Just The Facts Ma'am

After I resigned from the Budget Review Committee this week over the district's request that all BRC members approve or reject the Special Waiver Request they are sending to the state, I have heard from some people who want a little more clarification of my position.

It is my belief that the administration did not discover a clerical error on a spreadsheet that resulted in their mis-reporting to the state after they had filed their end of the year report. I believed the administration either mis-understood the class size restrictions or they knowingly violated them with the intention of asking the state to waive any penalties. Mrs. Kakish explained to us last month that they were monitoring class size averages to meet the state's requirement of 31:1. She said the tool they were using, a spreadsheet, had an error in the formulas calculating totals and averages.

I reviewed the minutes from last year and I found it is clear that the district's target was 33:1 class ratios. Mrs. Kakish and Shawn Mitchell both indicated to the board that the goal was to maintain an average of 33:1. I also have found a report dated 1-12-10, another spreadsheet, indicating the administration was accurately monitoring class size. I reviewed the spreadsheet and found no calculation errors. Below I've provided a link to the report and excerpts from the district's board meetings regarding class sizes.

I understand people make errors and I acknowledge that balancing class size averages across the district can be a challenge. My problem is not with the district's failure to meet the restrictions but with how they are dealing with the problem. Instead of accepting the responsibility for their mistake and failure to meet the class size restrictions, they want the state to go back and raise the restrictions and waive the penalty. They are also not being truthful in their reporting to the board and the state. The spreadsheet error was omitted from their request and they are leading us all to believe their target was 31:1 when the facts indicate they were targeting 33:1.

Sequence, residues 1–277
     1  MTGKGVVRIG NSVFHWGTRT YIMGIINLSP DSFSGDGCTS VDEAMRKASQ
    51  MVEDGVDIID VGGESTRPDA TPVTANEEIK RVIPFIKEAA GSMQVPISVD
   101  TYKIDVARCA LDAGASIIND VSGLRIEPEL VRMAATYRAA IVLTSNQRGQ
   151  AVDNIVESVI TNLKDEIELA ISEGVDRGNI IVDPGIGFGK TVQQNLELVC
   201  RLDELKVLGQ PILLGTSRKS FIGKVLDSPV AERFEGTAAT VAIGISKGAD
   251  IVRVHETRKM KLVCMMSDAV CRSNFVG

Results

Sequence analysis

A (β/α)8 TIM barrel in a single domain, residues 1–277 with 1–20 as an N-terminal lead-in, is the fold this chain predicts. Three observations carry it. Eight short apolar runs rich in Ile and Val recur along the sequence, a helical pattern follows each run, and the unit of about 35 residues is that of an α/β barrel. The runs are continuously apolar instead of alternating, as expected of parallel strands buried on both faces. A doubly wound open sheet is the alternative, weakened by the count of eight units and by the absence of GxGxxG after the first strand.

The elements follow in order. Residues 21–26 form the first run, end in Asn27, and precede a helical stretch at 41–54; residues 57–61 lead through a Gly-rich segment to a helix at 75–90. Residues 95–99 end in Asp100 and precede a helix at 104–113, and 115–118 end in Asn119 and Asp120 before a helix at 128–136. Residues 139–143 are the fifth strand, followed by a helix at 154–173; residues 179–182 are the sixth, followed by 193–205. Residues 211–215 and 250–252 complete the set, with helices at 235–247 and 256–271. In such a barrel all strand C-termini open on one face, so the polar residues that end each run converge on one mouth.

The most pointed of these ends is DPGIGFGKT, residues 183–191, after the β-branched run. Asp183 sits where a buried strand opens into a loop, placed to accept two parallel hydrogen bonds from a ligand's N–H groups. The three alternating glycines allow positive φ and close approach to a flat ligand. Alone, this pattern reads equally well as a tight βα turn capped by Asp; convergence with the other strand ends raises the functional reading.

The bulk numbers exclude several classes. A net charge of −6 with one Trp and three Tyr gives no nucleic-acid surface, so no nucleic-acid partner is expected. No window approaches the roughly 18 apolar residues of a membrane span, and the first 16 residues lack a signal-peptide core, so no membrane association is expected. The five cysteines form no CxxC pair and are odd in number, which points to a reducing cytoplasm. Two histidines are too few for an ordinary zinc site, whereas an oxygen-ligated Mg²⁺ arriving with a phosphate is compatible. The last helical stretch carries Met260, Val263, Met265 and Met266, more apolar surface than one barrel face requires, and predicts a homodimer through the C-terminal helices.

When they come to the Budget Review Committee and ask us to approve the request under false pretenses, I have to draw the line. What is the message they are sending to our kids? It is alright to knowingly break the rules because in the end, you can make up a story and all will be forgiven? This is not what I am trying to teach my kids. The bigger issue is what is best for the kids. Wouldn't it have been better to hire more teachers and have slightly smaller classes? And how much do we really save by eliminating class sizes after the penalty?

Here is a link to the January 12th spreadsheet: Class Size Projections 1/19/10


And here are the excerpts from the board meetings:



 Lloyd White:

I something came to my attention that made me a little bit a concerned. Last year you, you guys, because of budget concerns, voted to increase the kindergarten class sizes to 33, I think was gonna be the limit or the goal. And I found out that there’s quite a few kindergarten classes that are pushing 36, 39 students. And I just had a, a couple questions. Is there an upper limit to how high, how big you’ll let those kindergarten classes get? And will there be, will there, will anything be done to correct the fact that there are overcrowding right now. I understand it’s also happening a little bit in the third grades as well. And I’m just concerned because last year I brought to your attention that there were some kindergarten classes that were, at that time, four or five students over the goal of 21 and didn’t seem to be any concern. So I just wanted to bring that up tonight. Thank you.

Mrs. Kakish:

Okay, you know I remember one of the questions actually. Is, is there a limit on, on, on how high the class sizes can go. For kindergarten it’s, it’s Ed Code to have an average of 33 per class for the P2 period, which is the whole year start, beginning of the day, the beginning of the school year until sometime in April that you have an average of 33. We will adhere to Ed Code and we will stay within those limits. For the other classes it’s, it’s an average of 31 for that class for the whole, the whole year. And we‘ve been adhering to that in other grades that did not have class size reduction before. So yea there….

Mr. White: You don’t have an upper limit?

Mrs. Lara: Do we have an upper limit?

Mrs. Kakish: We…

Mr. Sanchez: There’s a penalty if we go above a certain average.

Mrs. Kakish: Right, the 33 for K.


Mr. Shawn Mitchell provided an enrollment update using a PowerPoint presentation. He provided an overview of the enrollment process and explained cumulative versus registered enrollment. The data presented provided evidence for leveling the class sizes and indicated challenges at Anna Hause Elementary School and Sundance Elementary School. Mr. Mitchell’s report focused on the kindergarten classes, primarily because of the enrollment challenges at that level. The target of staff is to adjust enrollment to a 33:1 ratio in kindergarten classes. Mr. Mitchell explained the direction the District is taking to ensure this method is accomplished. 


Mrs. Daryl Randall, kindergarten teacher at Sundance, spoke on kindergarten class size. She provided information from the Association of California School Administrators regarding kindergarten class size and California Ed. Code Section 41376 and 41378, penalties on revenue limit. Mrs. Randall feels the District needs to prioritize the expenditures.